Philadelphia Business Owner Found Guilty of Hiring Hitman, Related Crimes
CAMDEN, NJ—A federal jury in Camden convicted a Philadelphia business owner today for arranging a murder for hire that led to a shooting in Atlantic City, New Jersey, U.S. Attorney Paul J. Fishman announced.
Ronald Galati, 63, was found guilty of all four counts in the indictment against him: conspiracy to commit murder for hire; conspiracy to possess and use a firearm during a crime of violence; murder for hire; and aiding and abetting the possession and use of a firearm during a crime of violence.
Galati was convicted following a two-week trial before U.S. District Judge Joseph H. Rodriguez in Camden federal court. The jury deliberated for five hours before returning its verdict.
“Ronald Galati hired two men to kill his daughter’s boyfriend outside his home,” said U.S. Attorney Fishman. “This reprehensible conduct has no place in in civilized society. We are grateful to the jury for bringing Galati to justice.”
According to documents in this case and the evidence at trial:
Beginning sometime before June 2013, Galati began saying that he was going to kill his friend, Andrew Tuono. Galati told witnesses he would “kill him myself, I will strangle him, I will poke his eyes out” and “I am going to stab him right in the forehead with this thing,” referring to a pointed object. In June 2013, Galati, members of Galati’s family and associates had dinner with Tuono at a restaurant in Northfield, New Jersey. During dinner, Galati took Tuono into the kitchen and threatened to kill him.
Galati owned and operated American Collision & Automotive Center in Philadelphia, where Jerome Johnson, 45, also of Philadelphia, sometimes worked for him. Galati and Johnson approached two associates, Ronald Walker, 49, of Philadelphia, and Alvin Matthews, 47, and enlisted them to kill Tuono in a manner that would not implicate Galati. Galati promised to pay Walker $20,000 to shoot and kill Tuono.
Galati provided Johnson with several addresses associated with the intended victim. Johnson and Walker went to Tuono’s in Philadelphia.
Johnson gave Matthews a Colt .25 caliber semi-automatic handgun he had obtained near 60th Street in Philadelphia. On Nov. 30, 2013, Johnson telephoned Walker and Matthews and arranged to meet them. Galati called Johnson and told him that Tuono was in New Jersey.
Thereafter, Johnson drove Walker and Matthews to the area where Tuono lived in Atlantic City. During the drive, Johnson told Walker and Matthews that if there was a woman with Tuono, she was not to be harmed. While in Johnson’s vehicle, Matthews gave Walker the gun Johnson had given Matthews the day before. Johnson then dropped Walker and Matthews off around the corner from Tuono’s home.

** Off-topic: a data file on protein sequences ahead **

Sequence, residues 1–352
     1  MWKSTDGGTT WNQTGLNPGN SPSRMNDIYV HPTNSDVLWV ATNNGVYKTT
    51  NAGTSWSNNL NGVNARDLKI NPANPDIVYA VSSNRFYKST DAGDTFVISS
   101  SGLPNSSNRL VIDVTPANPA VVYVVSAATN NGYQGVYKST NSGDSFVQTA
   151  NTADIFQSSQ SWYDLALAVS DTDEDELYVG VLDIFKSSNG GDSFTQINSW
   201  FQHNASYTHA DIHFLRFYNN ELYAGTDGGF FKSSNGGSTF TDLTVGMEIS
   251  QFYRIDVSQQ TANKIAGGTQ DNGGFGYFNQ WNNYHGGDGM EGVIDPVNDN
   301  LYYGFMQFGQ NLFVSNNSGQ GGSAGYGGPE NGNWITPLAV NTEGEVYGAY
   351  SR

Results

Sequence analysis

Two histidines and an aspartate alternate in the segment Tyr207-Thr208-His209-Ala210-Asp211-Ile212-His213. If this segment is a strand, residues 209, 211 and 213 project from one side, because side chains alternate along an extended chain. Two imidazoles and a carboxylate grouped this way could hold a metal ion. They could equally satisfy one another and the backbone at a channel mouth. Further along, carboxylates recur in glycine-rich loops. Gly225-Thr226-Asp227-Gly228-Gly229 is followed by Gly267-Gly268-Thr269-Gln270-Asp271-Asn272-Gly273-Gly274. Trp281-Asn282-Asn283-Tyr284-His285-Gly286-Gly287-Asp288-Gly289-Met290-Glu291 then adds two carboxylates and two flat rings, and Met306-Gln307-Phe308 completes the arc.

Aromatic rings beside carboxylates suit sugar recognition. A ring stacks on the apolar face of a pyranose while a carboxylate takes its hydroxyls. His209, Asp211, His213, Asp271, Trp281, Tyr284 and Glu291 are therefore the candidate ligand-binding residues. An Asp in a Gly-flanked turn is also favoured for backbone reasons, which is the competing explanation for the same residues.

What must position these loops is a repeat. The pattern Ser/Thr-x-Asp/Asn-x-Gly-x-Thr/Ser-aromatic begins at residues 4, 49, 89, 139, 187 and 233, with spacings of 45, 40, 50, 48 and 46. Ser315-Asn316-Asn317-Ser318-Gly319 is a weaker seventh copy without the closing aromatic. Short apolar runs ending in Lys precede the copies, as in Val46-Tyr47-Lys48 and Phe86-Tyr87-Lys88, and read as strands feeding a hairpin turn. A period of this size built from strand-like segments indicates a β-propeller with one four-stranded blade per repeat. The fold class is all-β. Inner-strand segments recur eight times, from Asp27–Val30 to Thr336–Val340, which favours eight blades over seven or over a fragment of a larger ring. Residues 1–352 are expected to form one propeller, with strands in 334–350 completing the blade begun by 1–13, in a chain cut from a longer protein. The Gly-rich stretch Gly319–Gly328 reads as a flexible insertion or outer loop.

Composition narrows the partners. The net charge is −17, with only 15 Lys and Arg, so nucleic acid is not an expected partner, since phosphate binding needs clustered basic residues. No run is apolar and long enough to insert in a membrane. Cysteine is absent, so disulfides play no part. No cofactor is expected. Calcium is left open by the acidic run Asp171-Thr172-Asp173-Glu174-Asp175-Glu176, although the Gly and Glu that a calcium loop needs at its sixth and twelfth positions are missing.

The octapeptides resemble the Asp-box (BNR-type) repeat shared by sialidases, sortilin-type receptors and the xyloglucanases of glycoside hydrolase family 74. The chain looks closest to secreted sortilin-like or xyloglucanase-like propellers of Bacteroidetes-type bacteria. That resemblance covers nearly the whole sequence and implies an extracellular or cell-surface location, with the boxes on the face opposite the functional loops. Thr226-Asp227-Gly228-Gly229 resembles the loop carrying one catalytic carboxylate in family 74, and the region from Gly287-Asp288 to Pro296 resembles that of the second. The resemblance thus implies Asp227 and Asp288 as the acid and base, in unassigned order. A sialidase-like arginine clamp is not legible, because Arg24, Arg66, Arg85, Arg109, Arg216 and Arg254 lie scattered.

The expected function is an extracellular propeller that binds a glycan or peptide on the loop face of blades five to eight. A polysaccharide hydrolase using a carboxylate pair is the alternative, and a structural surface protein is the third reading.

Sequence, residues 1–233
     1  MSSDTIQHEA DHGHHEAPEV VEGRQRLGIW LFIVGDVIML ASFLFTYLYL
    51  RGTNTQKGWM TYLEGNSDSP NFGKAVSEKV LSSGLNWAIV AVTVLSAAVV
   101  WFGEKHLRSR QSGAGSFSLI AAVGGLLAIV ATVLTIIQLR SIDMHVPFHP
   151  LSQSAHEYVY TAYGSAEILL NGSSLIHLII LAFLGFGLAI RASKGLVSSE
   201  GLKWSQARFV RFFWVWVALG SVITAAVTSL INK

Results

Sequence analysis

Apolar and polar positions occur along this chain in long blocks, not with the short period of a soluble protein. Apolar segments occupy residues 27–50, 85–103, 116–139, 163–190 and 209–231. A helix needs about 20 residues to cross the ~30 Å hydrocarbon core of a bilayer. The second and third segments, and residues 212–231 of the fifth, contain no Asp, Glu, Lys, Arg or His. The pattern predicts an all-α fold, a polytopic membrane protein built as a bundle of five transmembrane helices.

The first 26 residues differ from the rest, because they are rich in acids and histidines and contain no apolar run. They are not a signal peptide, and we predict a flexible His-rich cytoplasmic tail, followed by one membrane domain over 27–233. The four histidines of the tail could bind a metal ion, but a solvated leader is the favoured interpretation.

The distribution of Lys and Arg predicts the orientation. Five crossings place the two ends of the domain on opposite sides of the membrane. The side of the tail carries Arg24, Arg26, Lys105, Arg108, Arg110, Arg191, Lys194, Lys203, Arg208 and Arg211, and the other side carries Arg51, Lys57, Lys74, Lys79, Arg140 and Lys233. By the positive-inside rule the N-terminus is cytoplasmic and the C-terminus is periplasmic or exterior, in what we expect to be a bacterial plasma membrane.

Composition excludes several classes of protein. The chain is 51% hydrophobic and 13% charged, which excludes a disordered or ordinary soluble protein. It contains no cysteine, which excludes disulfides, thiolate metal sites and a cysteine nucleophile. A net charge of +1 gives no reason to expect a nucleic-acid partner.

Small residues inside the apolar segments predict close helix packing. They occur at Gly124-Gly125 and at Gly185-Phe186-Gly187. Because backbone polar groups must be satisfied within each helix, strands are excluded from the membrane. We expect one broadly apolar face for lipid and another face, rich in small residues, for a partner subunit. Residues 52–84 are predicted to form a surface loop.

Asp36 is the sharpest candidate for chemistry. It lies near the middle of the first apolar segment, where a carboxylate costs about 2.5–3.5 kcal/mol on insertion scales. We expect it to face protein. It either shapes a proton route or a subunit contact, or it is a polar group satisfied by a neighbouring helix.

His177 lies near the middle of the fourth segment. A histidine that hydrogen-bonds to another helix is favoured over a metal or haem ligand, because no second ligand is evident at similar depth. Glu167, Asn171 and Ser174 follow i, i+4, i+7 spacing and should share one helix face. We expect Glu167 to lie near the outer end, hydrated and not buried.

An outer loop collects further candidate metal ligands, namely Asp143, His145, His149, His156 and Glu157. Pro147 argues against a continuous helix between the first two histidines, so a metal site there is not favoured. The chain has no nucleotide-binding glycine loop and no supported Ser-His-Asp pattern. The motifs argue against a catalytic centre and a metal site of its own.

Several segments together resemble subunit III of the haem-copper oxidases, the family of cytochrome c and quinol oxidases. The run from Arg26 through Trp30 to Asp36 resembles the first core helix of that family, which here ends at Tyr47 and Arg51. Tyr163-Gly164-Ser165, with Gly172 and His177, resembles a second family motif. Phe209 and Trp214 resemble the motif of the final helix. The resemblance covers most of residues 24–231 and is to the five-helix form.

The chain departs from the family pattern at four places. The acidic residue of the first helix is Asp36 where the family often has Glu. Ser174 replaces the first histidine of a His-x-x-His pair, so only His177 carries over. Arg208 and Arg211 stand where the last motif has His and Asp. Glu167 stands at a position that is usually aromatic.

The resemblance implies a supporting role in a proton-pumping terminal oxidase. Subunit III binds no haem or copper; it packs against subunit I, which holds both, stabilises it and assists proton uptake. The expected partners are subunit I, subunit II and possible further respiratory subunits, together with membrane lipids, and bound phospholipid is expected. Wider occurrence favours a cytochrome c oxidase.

Walker and Matthews then stalked Tuono from an alley adjacent to the residence. When Tuono and a woman came out of the house, Walker and Matthews approached them and got Tuono’s attention. Walker shot Tuono multiple times. The victim was transported by ambulance from the scene of the shooting to Atlantic City Medical Center for emergency surgery, where he spent six days.
Walker and Matthews were arrested as they fled from the scene.
The two conspiracy counts and the murder for hire count each carry a maximum potential penalty of 20 years in prison. The aiding and abetting firearms count carries a mandatory minimum consecutive prison sentence of 10 years and a maximum of life in prison. Each count also carries a maximum $250,000 fine. A date for sentencing has not yet been set.
Walker, Matthews and Johnson have each pleaded guilty to related offenses and await sentencing.
U.S. Attorney Fishman credited special agents of the FBI under the direction of Special Agent in Charge Aaron T. Ford; special agents of the Bureau of Alcohol, Tobacco, Firearms and Explosives, under the direction of Special Agent in Charge George P. Belsky; and detectives of the Atlantic City Police Department, under the direction of Chief Henry White, for the investigation the case. He also thanked the Philadelphia District Attorney’s Office, under the direction of District Attorney R. Seth Williams, detectives of the Philadelphia Police Department, under the direction of Commissioner Charles Ramsey; and troopers of the Pennsylvania State Police, under the direction of Commissioner Frank Noonan, for their assistance.
The government is represented by Assistant U.S. Attorney Jason M. Richardson of the U.S. Attorney’s Office Criminal Division in Camden.